Friday, October 21, 2011

Tent Cities: The Secret That Won’t Go Away

Since the economic crisis began in late 2007, many Americans have suffered foreclosure. By October 2011 the foreclosure rate had climbed to 33%; greater than the 31% reported during the Great Depression.

For many, homelessness was brought on by job loss, but there are an ever-growing number of renters who have found themselves out on the street when the landlord lost the home to foreclosure. Others struggling to get by have found themselves the victims of escalating rent prices and for others; homelessness arrived when the social services they received was cut off as cities themselves experienced economic insolvency.

For every foreclosure, there is a heartfelt story to be told.

Not in My Back Yard!

Tent cities are a reflection of America’s insolvency and may be an indicator of what we can expect should we join the ranks of the unemployed. The US Department of Housing and Development reports that on any given night, 650,000 people experience homelessness.

Cities across America have chosen hard-line abandonment over compassion for the homeless. The plight of the homeless is difficult to unearth, as it is not being reported on to the extent it deserves. Yet, even though mainstream media seems to have swept their struggles into a dark corner of obscurity, there remains a voice being broadcasted daily through You Tube by ordinary citizens who care enough to report on their areas   homeless.

Marginalizing the homeless has lead to draconian measures. In Phoenix, Cross Roads United Methodist Church received a verdict of guilty by a judge who ruled the pancake breakfasts they were serving to the homeless was illegal;

Churches are not the only ones being punished for their good deeds. A couple in Houston, Texas who for over one year had been feeding the homeless each and every night was ordered to stop. The reason? They did not have a “permit” to do so;

Where Have All The Homeless Gone?

The plight of the homeless in Lakewood, New Jersey was documented in this You Tube where Pastor Steve Brigham discusses the tent city (in this case huts) he set up for the homeless that was ordered torn down. Pastor Brigham points to a woman who was employed in the garment district in New York City earning over $100,000 a year. She lost her job in the garment industry when operations were outsourced to China. Pastor Brigham states the 60 people about to be displaced were not likely to find warm shelter and hot meals to sustain life over the long winter.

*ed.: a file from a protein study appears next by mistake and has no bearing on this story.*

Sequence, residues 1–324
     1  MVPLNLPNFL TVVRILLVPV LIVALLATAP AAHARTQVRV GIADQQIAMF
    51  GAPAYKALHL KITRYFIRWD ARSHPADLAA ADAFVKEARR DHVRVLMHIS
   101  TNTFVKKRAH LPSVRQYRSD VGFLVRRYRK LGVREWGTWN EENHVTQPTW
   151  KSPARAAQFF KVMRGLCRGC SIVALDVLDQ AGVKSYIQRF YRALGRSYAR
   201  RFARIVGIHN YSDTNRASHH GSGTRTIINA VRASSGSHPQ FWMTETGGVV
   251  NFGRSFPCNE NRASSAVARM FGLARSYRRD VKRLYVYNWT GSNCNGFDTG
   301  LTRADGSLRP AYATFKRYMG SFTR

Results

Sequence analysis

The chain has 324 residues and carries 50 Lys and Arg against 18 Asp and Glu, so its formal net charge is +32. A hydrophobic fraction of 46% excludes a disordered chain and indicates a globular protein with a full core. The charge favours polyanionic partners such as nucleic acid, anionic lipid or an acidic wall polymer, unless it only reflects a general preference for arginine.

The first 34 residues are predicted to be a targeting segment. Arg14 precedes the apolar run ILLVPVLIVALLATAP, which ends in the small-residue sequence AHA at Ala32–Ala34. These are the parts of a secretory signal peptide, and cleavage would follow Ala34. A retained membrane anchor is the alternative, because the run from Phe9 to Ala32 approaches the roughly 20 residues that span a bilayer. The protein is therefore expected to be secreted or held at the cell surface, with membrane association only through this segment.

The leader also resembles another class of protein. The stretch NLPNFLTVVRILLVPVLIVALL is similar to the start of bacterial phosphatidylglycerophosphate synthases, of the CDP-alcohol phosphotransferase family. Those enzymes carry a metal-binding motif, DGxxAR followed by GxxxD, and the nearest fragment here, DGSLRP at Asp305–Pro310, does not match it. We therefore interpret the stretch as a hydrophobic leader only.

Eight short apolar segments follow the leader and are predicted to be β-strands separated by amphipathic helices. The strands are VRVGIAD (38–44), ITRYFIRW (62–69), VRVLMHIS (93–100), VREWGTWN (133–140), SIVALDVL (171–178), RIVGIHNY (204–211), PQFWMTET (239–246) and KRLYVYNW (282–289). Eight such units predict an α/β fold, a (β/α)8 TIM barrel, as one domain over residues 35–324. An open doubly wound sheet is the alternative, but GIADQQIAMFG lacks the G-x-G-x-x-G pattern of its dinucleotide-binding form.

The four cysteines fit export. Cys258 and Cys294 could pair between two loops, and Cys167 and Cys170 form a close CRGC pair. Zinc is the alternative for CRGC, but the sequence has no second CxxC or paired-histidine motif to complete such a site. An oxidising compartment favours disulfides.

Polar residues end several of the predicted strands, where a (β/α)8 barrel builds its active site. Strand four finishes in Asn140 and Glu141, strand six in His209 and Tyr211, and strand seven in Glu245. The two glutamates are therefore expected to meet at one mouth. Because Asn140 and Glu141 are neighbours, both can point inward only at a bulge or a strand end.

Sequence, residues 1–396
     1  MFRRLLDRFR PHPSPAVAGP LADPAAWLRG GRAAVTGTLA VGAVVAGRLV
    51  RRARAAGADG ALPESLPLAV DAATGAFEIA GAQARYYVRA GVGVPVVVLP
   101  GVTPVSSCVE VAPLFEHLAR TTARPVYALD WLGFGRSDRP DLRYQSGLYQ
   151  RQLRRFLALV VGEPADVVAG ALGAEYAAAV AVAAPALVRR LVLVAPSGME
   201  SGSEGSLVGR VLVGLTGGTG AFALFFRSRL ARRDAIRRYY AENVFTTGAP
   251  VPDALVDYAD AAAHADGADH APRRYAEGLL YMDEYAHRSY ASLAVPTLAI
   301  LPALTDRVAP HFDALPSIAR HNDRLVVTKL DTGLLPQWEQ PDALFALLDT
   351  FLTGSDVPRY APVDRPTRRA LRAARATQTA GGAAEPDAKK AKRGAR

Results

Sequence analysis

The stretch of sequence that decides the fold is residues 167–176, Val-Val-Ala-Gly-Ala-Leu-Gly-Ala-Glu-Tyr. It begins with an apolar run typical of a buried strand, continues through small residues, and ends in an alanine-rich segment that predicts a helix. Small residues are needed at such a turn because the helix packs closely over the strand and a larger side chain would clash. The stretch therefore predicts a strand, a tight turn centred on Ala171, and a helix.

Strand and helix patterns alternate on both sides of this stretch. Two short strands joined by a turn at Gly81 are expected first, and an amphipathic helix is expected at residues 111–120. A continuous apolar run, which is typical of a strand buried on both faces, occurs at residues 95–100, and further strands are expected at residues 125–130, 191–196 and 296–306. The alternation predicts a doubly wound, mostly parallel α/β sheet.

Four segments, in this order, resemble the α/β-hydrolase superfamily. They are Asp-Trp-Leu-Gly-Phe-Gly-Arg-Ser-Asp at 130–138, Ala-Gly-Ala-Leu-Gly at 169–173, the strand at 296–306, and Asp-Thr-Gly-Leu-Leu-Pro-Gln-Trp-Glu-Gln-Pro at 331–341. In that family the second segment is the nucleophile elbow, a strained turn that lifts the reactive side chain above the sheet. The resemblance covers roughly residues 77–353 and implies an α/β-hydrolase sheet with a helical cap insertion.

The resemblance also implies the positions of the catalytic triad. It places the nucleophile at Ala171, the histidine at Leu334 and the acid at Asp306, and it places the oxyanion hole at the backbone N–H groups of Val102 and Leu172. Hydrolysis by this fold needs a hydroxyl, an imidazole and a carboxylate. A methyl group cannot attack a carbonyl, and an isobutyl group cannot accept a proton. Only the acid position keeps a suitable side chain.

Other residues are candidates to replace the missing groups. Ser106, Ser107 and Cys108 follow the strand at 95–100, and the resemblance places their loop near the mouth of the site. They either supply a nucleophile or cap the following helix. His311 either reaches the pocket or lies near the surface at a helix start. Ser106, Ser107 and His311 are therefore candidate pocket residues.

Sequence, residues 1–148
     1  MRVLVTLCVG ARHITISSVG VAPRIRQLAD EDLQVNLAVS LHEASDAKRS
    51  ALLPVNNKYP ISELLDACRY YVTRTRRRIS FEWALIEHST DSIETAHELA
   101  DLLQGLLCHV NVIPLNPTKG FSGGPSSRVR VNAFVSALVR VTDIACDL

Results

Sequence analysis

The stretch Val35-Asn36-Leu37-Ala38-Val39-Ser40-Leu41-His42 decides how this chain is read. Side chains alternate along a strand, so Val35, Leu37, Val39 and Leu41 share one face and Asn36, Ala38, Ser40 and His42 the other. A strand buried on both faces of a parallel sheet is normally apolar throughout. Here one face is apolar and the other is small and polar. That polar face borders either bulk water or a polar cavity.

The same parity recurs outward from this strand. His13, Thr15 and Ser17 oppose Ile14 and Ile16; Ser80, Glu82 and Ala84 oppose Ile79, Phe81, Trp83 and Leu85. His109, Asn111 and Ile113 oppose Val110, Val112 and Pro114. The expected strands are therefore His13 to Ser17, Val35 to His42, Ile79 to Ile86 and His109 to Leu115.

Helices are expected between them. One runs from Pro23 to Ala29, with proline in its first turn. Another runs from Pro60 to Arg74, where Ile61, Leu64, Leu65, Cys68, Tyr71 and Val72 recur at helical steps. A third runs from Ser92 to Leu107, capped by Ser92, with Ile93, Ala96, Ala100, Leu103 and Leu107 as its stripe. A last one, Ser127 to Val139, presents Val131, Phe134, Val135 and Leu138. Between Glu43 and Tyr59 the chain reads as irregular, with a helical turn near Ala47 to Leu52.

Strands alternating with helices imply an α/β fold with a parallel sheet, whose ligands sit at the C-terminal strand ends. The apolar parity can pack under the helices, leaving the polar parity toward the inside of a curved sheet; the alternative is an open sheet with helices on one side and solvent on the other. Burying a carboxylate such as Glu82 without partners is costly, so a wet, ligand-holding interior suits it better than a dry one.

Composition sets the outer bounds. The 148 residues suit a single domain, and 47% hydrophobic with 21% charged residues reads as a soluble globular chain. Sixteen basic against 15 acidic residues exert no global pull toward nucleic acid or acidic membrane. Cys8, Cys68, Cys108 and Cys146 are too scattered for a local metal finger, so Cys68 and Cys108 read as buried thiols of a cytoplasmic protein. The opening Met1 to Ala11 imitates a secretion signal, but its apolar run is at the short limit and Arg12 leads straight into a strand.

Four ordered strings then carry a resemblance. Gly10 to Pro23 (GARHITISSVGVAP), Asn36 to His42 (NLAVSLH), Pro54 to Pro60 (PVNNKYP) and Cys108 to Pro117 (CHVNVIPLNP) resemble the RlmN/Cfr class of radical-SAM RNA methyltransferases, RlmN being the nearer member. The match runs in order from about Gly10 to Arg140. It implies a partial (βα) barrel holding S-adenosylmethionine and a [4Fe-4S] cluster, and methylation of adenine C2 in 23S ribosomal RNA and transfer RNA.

A follow-up on the plight of the homeless in Lakewood New Jersey was reported on by  Fox News on August 11, 2011:

In Huntington, Virginia a tent city that was erected on vacant land was bulldozed after the homeless were warned to vacate or face arrest. On film, police officers patrol the ground in search of the homeless who will then be arrested for vagrancy should they be caught. Mayor David Felinton was paraphrased as having said, “The city has done what it could.”

Tent Cities Are Disappearing all Across America

Although tent cities are disappearing, homelessness is growing as more and more lose their jobs or fall victim to eroding social services they had been receiving. Cities in financial trouble themselves are unable to answer the increased need to help the homeless with food and shelter, but neither are they willing to allow people to help themselves by allowing them to pitch tents, nor do they appear to welcome humanitarian efforts.

A report on one of the largest tent cities located in Sacramento, California reflects 1,500 homeless were living there with a reported 50 new arrivals each day who wished to  avoid living on the streets. Like so many sites set up for the homeless, Sacramento bulldozed it in 2009.

Even a tropical paradise is not immune. In Hawaii, the ranks of the homeless tops the national average as the problem continues to increase, but like city’s elsewhere, the displaced are told that it is illegal to sleep in parks

In 2007, after a tent city located underneath pedestrian bridges by Cleveland Browns Stadium had been in existence for 15 months, Cleveland officials answered the need of the homeless by ordering them to vacate or face arrest. Officials had no advice for alternative housing.

Who to Contact

To view a report with up to date information on 75 tent cities, visit the National Coalition for the Homeless


The preceding was a guest post for The Final Hour by author Barbara Fix.

Visit Survival Diva Blog for more information on rural living, gardening, home canning, food storage, and tips on combating skyrocketing food prices.

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